Emily’s question contained within the quotation marks is “Why do I love”. The “You, Sir” lies outside the poem’s quotation marks. So the rest of the poem answers why does the poet love at all, anyone or anything. Not why does the poet love this particular “You, Sir”. That person is the listener to the poem, not the object of the inquiry.
Her answer is that she loves because she can. Simply because she has the power to love. Her capacity to love functions in the same way as her capacity to see. Her eyes open, and her vision falls upon the thing before her. Her sight works regardless of the thing it sees. Her heart opens to the world and casts her love out there. The willingness of her love’s object to accept or understand or reciprocate the love doesn’t augment or diminish Emily’s ability to love. Silly question, she implies. Maybe that’s why she put it in quotation marks. It’s not her question. She is repeating a question that this “You, Sir” has put to her. He’s the one looking for answers and justifications. Men always have to have things explained to them.
Rudy pulls his head out of my Toyota. His face is determined and not a bit weary. What a good soldier. He packs up the screwdrivers and asks, “Okay, where do you keep your water heater?”
Order out of chaos. The cold snap has passed. My pipes are free of ice. The return of hot water signifies the return of all that is decent and good. Tonight I will enjoy a bubble bath and a glass of wine.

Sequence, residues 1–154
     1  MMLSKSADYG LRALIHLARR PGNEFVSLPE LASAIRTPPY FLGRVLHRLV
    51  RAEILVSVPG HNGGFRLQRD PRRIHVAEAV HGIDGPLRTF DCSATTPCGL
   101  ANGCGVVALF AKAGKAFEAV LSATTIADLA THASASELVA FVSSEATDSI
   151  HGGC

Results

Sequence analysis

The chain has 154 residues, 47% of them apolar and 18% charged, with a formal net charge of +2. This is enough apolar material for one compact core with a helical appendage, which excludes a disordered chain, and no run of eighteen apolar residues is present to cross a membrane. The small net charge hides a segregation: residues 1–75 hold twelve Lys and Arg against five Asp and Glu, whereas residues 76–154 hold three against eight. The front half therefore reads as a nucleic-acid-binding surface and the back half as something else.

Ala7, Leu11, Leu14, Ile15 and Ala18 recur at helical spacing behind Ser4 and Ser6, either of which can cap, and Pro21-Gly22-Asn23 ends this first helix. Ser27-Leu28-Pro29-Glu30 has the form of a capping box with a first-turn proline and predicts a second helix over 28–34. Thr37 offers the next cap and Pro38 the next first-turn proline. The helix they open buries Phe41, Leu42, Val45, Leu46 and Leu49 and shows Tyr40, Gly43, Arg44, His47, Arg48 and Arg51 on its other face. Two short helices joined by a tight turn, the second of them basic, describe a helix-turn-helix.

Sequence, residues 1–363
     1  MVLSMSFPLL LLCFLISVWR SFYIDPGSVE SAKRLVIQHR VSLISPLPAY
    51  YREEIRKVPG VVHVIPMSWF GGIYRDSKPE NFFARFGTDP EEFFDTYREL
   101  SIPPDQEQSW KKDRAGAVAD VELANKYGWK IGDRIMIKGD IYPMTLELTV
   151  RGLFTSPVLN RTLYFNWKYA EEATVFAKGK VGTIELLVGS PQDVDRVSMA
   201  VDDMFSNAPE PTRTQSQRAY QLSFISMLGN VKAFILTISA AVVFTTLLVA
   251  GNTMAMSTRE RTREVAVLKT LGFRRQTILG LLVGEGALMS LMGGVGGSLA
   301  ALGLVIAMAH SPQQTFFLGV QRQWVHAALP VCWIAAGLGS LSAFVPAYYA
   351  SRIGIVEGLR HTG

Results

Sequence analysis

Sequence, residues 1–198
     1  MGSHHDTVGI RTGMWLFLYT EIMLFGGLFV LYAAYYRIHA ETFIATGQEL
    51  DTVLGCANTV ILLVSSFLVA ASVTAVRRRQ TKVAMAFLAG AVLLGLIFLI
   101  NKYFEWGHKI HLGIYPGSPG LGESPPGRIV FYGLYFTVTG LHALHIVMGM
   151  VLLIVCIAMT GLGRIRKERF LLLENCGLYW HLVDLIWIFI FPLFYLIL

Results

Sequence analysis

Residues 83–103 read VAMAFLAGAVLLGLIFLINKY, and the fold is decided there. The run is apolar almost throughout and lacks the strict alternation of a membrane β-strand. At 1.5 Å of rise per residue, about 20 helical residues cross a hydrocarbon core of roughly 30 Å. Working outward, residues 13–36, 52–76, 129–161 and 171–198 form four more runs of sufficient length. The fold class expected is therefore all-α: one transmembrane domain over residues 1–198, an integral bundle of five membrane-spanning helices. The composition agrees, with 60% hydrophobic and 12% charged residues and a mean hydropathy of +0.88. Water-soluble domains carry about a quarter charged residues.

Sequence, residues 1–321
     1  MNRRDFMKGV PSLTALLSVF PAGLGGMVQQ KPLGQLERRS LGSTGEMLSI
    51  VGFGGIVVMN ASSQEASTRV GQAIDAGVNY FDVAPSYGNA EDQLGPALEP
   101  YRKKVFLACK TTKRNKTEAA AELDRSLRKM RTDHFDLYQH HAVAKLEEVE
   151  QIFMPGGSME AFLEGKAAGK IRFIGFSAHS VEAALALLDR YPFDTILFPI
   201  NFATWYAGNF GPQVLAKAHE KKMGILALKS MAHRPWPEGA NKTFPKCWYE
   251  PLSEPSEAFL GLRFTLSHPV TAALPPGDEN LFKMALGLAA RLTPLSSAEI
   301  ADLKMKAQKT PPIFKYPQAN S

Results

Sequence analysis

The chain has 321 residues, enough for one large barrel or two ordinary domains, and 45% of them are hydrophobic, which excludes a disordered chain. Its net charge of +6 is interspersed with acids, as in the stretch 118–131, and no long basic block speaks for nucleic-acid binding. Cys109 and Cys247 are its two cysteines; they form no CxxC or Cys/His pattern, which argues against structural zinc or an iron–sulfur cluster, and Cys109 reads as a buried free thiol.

One response to “Love and Toyotas”
One of my father’s mantras these days goes like this: “The world is in chaos.” He has compelling reasons to think so. His vision is blurry, yet he insists on reading two newspapers every morning; there is no shortage of chaos in the newspapers. My dad’s mind is blurry, too, but he continues to read books with titles like “The Age of the Unthinkable” and scratch cryptic notes on a pad of paper.
“You might be right about the world, Dad, but I don’t think so.” I could argue with him, but I’ve never won an argument with him.
Yesterday, he showed me a checklist in a report called “Mind, Mood and Memory” he received from some esteemed health organization. Under the heading “Dementia,” he read aloud each symptom.
“Trouble concentrating. Yes. Problems with organization. Yes. Increased confusion. Yes.” And so on, down the list.
His bright blue eyes were perplexed, searing. “What am I going to do?”
I scrambled for an answer, came up with something unsatisfactory, something he probably didn’t register. How do I explain my father’s chaos?
Tonight, I read your blog about Plato and Eros, order and disorder. Tonight, I will drink my glass of wine and ponder the possibilities.